To the original poster:

Bad assumption that the 'drug war' is happening only in northern Mexico. This is just one article about drug flow from South
America through the southern border of Mexico:

http://www.washingtonpost.com/world/americas/in-southern-mexico-a-neglected-frontier/2011/06/20/AGt74KeH_story.html

When I stay in Mexico City, why are there police guards at every block at night around my hotel? Why do I have to get escorted
from my hotel to just a convenience store around the corner at night? I've traveled extensively in the Mexican volcano areas and climbed Orizaba,
La Malinche, etc. I look at those times as youthful adventures, but I don't plan on going back.

Now that I have a family that depends on me, I won't set foot in that country, even Cancun or Baja. I really doubt any travel insurance will cover you
no matter what they say. And a SAR type rescue will never materialize. You're going to a foreign 3rd world country run by drug
cartels. Your local guias will be the ones to handle any emergency. I trusted them even though I had to hire some just to watch
my personal belongings while climbing. Avoid the police, avoid insurance scams, use the bus lines which are very good, watch everything
you eat, and be on guard. You have no right to self defense there. I took less risks there because I had that attitude.

With all that said, you'll have a good time. Good luck. BTW I agree that Puebla is a very cool city. There is an astounding church in the square that
you just must visit.

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Re: Mexican Volcanoes...drug war danger

Postby The_Godfather » Tue Jan 03, 2012 6:21 am

talamo71 wrote:To the original poster:

Bad assumption that the 'drug war' is happening only in northern Mexico. This is just one article about drug flow from South
America through the southern border of Mexico:

http://www.washingtonpost.com/world/americas/in-southern-mexico-a-neglected-frontier/2011/06/20/AGt74KeH_story.html

When I stay in Mexico City, why are there police guards at every block at night around my hotel? Why do I have to get escorted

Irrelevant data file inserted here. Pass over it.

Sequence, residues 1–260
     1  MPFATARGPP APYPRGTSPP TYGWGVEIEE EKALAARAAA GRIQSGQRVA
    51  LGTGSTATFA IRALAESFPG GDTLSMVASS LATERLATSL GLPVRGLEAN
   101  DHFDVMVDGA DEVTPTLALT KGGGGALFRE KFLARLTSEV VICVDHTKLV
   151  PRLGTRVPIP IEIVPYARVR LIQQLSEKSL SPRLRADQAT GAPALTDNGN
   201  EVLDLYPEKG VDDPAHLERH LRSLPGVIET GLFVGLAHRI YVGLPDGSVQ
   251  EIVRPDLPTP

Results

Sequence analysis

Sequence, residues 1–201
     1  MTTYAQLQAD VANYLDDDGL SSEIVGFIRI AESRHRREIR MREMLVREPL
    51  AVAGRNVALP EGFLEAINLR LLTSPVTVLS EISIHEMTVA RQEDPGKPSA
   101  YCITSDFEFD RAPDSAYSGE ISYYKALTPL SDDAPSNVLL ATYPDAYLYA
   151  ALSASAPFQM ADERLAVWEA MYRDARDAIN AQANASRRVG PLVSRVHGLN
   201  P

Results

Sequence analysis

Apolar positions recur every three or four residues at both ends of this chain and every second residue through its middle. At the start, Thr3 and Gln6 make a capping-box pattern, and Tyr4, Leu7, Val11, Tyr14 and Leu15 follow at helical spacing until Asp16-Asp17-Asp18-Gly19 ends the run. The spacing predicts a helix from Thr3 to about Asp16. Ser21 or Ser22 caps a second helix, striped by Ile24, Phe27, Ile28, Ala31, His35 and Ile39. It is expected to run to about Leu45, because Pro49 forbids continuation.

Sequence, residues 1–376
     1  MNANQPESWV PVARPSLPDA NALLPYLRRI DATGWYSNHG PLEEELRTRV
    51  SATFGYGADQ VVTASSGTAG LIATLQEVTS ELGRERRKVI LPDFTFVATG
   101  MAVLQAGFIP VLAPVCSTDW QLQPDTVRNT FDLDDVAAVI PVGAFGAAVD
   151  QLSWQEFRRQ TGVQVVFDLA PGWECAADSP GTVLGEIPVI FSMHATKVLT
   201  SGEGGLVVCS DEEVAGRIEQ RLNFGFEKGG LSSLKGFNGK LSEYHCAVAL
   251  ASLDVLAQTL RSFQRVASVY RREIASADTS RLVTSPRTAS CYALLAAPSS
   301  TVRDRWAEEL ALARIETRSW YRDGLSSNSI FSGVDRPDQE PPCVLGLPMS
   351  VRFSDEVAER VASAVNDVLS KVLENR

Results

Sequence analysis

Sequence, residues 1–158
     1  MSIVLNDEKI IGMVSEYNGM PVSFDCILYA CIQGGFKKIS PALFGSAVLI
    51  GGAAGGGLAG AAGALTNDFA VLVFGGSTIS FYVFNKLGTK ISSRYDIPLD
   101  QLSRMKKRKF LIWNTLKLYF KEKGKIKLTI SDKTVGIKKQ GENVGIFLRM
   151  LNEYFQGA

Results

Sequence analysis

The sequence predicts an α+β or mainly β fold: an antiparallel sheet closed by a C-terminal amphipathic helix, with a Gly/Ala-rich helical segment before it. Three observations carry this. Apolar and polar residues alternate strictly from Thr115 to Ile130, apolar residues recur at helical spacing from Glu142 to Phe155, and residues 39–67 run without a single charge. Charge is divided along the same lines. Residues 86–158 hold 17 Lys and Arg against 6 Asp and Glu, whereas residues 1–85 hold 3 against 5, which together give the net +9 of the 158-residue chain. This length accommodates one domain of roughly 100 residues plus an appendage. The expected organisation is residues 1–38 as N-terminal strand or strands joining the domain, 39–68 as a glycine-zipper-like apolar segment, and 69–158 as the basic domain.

from my hotel to just a convenience store around the corner at night? I've traveled extensively in the Mexican volcano areas and climbed Orizaba,
La Malinche, etc. I look at those times as youthful adventures, but I don't plan on going back.

Now that I have a family that depends on me, I won't set foot in that country, even Cancun or Baja. I really doubt any travel insurance will cover you
no matter what they say. And a SAR type rescue will never materialize. You're going to a foreign 3rd world country run by drug
cartels. Your local guias will be the ones to handle any emergency. I trusted them even though I had to hire some just to watch
my personal belongings while climbing. Avoid the police, avoid insurance scams, use the bus lines which are very good, watch everything
you eat, and be on guard. You have no right to self defense there. I took less risks there because I had that attitude.

With all that said, you'll have a good time. Good luck. BTW I agree that Puebla is a very cool city. There is an astounding church in the square that
you just must visit.


its not doom and gloom like you make it seem. you should really go and see that, instead of listening to american news outlets. or if not, the rest of us who do enjoy mexico just have one less tourist. the drug war has been going on for generations, thats not going to change. To say that its so dangerous you can't go to even cancun is absurd. Cancun is the last place you'll see a cartel....its essentially the US with better mexican food.

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Re: Mexican Volcanoes...drug war danger

Postby ThuChad » Tue Jan 03, 2012 7:10 am

talamo71 wrote:To the original poster:

...use the bus lines which are very good...



I agree with the statement about buses. I've been to Mexico 4 times in the last 3 years and never had a problem or saw any violence. I work with several Mexicans that regularly visit family in the not so great parts of Mexico. They tell me the safest way to travel is by bus. A couple of them have been stopped at gunpoint on highways and robbed (they think by low level Zetas) but that was because they were driving nice cars all the way to Aguascalientes. They all drive to US border towns and take buses now.

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Re: Mexican Volcanoes...drug war danger

Postby Gabriel » Tue Jan 03, 2012 8:58 am

Hi,

I've been in the Puebla area for the past 8 days. I spend several weeks down here every year. I suppose you could end up being a victim of a crime, but In my opinion it's less likely in Puebla or Mexico city than in most large US cities, including Denver. Some tips

To get from the airport to Tlachichuca by public transport: After clearing imigration and getting your bags take a right as you leave the bag claim area and follow the signs for buses/local transport. You end up going up a ramp to the second floor. If you need pesos there are ATM machines and exchange counters on the way. The current rate for cash is 13.55, better with an atm, but you pay a 31 peso fee. I always use the ATM. Once in the bus area by one way ticket to Puebla on the Estrella Roja bus line for 210 pesos which includes a drink and snack. If you plan on staying in Puebla go the the 4 Poinente station, if going to Tlachichuca go to Puebla CAPU and transfer to a bus on the Verdes line. To get to Puebla center and hotels a secure taxi cost 57 pesos.

Have fun,

G